Cue an early scene from “Karate Kid.”
The kid himself walks into Cobra Kai dojo and discovers that his nemesis is the top student. If that wasn’t intimidating enough, the kid also encounters a meathead instructor, or sensei, as he’s laying out some raw facts.
“Pain does not exist in this dojo,” the sensei yells out, “does it!”
And so on.
“I thought that was kind of the greatest scene when I was grow up,” said Dan Yi — the same Dan Yi who, at 16, snuck out of his house in Fairfax County one morning to run the Marine Corps Marathon.
Yi ran in high school and college, and said he at one point held the Virginia state marathon record for juniors. “I always sort of felt like the two-mile and three-mile were not very well suited to me,” he said.
As a law student, Yi worked as a summer associate in Washington, D.C. This firm had a good deal, too. If an attorney took a summer associate to lunch, the firm would pick up the tab. So Yi started doing a lot of lunchtime runs with an attorney named Alan Pemberton, and afterward they would eat a lot of free sandwiches.
After law school, Yi moved back to the D.C. area (he now works at the Department of Justice and lives in Alexandria) and resumed training runs with Pemberton. They started running in the early morning, though, to beat the heat, and because it was more convenient.
“With jobs as lawyers,” Pemberton, of Silver Spring, said, “it’s so hard to keep up a regular schedule running at lunchtime, because you never know who is going to need you for a meeting or a call. But if you do it in the morning before the business day starts, it’s a lot easier to keep to a good schedule.”
“That was the only way I could run,” Yi added.
Soon they were joined by other lawyers-slash-athletes interested in competitive distance running. Most live in the District.
Yi chose a club name: The Dojo of Pain. And as far as the dojo (a Japanese term for martial arts studios that literally means “place of the way”), the runners – mostly lawyers working in D.C. – found Hains Point. Or, as Pemberton referred to it, several miles of “uninterrupted, no cross traffic, good asphalt,” which was good for long tempo runs and interval workouts … and marathon training.
“There’s a lot pain in our dojo,” Pemberton said.
They met on a Tuesday morning at the entrance to Hains Point, by the holly tree across from the Tidal Basin.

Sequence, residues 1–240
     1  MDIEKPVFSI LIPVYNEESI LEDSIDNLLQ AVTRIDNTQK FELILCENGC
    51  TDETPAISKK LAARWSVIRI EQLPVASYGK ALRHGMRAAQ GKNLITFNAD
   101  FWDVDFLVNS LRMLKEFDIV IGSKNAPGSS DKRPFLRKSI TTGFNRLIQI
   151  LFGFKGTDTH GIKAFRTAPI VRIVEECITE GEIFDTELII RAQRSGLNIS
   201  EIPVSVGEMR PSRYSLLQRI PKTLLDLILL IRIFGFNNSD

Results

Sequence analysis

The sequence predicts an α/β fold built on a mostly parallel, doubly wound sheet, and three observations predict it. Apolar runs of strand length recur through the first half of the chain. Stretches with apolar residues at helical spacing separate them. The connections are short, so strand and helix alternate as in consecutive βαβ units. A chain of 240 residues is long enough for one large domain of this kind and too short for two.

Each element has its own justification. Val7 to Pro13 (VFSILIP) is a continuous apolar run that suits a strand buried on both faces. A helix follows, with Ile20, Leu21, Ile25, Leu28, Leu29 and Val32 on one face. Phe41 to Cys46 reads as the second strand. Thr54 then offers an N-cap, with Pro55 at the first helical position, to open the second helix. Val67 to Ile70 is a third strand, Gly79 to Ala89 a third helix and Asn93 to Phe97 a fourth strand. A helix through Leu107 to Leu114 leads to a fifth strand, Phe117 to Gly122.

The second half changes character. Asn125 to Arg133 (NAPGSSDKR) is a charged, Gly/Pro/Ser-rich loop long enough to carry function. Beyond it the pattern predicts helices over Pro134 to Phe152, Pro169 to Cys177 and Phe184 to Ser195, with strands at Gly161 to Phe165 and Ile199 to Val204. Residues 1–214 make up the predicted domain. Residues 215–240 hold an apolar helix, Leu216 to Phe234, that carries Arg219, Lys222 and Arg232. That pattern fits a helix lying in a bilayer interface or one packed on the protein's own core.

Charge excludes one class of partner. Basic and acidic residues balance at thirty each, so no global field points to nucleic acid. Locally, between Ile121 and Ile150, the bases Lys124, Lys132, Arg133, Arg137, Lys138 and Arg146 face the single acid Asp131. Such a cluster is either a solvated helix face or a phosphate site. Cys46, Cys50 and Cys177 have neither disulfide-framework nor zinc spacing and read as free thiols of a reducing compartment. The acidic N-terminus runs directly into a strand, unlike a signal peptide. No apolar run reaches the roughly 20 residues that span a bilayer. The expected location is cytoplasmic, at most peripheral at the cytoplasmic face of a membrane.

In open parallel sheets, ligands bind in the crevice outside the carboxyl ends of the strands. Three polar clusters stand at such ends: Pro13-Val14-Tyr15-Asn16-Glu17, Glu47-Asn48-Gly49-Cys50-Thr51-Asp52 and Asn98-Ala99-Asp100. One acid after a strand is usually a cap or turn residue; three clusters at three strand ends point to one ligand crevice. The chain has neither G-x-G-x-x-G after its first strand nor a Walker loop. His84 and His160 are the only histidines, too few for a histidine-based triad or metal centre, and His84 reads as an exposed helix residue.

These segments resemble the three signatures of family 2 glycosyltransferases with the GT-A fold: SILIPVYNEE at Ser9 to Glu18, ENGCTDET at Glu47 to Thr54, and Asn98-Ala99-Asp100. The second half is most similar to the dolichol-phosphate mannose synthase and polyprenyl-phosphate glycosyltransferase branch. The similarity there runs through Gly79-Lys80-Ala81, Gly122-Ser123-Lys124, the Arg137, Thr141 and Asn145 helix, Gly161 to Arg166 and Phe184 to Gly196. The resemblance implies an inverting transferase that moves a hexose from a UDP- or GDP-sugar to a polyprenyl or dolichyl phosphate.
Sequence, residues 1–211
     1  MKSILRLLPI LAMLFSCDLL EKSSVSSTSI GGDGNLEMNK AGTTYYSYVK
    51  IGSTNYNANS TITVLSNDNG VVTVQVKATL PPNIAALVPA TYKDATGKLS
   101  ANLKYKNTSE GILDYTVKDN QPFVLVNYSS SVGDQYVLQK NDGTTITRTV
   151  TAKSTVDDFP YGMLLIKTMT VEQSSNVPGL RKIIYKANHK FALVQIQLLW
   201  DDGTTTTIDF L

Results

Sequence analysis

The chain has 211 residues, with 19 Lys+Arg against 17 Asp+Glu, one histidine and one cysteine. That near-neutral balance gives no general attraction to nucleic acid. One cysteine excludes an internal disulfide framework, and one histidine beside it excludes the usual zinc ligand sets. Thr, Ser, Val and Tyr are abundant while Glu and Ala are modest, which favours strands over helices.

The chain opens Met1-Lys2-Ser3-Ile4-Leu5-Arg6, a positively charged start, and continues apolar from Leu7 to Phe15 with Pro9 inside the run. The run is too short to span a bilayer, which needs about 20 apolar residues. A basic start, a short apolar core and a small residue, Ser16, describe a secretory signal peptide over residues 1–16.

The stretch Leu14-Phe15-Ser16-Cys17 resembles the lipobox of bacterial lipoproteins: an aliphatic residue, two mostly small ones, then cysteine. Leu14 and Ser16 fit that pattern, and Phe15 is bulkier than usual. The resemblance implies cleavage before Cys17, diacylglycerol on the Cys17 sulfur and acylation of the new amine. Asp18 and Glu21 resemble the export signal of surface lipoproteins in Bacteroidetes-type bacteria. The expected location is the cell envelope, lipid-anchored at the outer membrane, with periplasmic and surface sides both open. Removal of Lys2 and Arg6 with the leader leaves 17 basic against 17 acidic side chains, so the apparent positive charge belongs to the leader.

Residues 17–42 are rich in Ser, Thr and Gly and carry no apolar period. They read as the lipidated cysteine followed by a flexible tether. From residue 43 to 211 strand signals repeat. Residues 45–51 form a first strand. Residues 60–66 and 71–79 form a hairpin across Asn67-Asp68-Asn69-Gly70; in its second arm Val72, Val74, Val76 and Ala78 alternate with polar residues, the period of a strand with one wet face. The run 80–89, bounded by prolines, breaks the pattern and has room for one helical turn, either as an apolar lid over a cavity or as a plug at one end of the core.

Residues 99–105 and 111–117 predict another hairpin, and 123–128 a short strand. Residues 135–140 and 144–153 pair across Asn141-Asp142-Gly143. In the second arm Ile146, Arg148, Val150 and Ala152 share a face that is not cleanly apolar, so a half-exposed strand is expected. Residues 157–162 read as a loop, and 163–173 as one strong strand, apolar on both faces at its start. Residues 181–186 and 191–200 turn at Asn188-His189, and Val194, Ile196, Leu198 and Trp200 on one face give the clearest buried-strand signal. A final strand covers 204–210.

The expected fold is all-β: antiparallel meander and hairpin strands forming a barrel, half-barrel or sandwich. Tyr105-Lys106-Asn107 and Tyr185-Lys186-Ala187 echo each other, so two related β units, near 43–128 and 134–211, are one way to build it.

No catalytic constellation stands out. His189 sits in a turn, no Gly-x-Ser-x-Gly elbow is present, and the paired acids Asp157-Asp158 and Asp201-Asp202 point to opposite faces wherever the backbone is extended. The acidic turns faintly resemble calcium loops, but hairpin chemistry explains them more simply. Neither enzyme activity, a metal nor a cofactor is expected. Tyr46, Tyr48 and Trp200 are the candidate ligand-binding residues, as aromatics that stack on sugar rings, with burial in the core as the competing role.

It was little more than two weeks after the Boston Marathon, and eight dojo members who ran it were in attendance. So was D.C.’s Rachel Clattenburg, two weeks after running 2:57:58, a 13-minute personal best, to win the New Jersey Marathon.
Pemberton’s workout – a rust-buster – was what he called “lactate stackers”: one minute fast, two minutes of jogging, repeat. Thursday is typically a workout day as well.
“[Pemberton]” – who designs the training calendar for each season – “is essentially the coach of our group,” said Yi, who is 34 and was the top American at the 2013 Comrades Marathon, an ultra-marathon in South Africa.
But Yi, who trained with Kenyans while on a Fulbright scholarship, “has always had sort of a scientific attitude towards running,” said Pemberton, who started running in his 30s and last year won his 60-64 age group at both Marine Corps and Boston.
Combine the training philosophies of Pemberton and Yi, throw in the Hansons Marathon Method used by a professional team, and you start to get a sense of what the Dojo of Pain is up to.
“We have a very linear training schedule,” Pemberton said. “If you know what Tuesday is one week, you know what Tuesday is the next week. It is a little bit more, a little bit longer. You either are doing the same speed or we shift from interval speed to threshold speed. But that interval is going to get a little longer each week if you are doing marathon training, and you are going to be adding miles. It’s predictable, but I think people like that sense of progress.”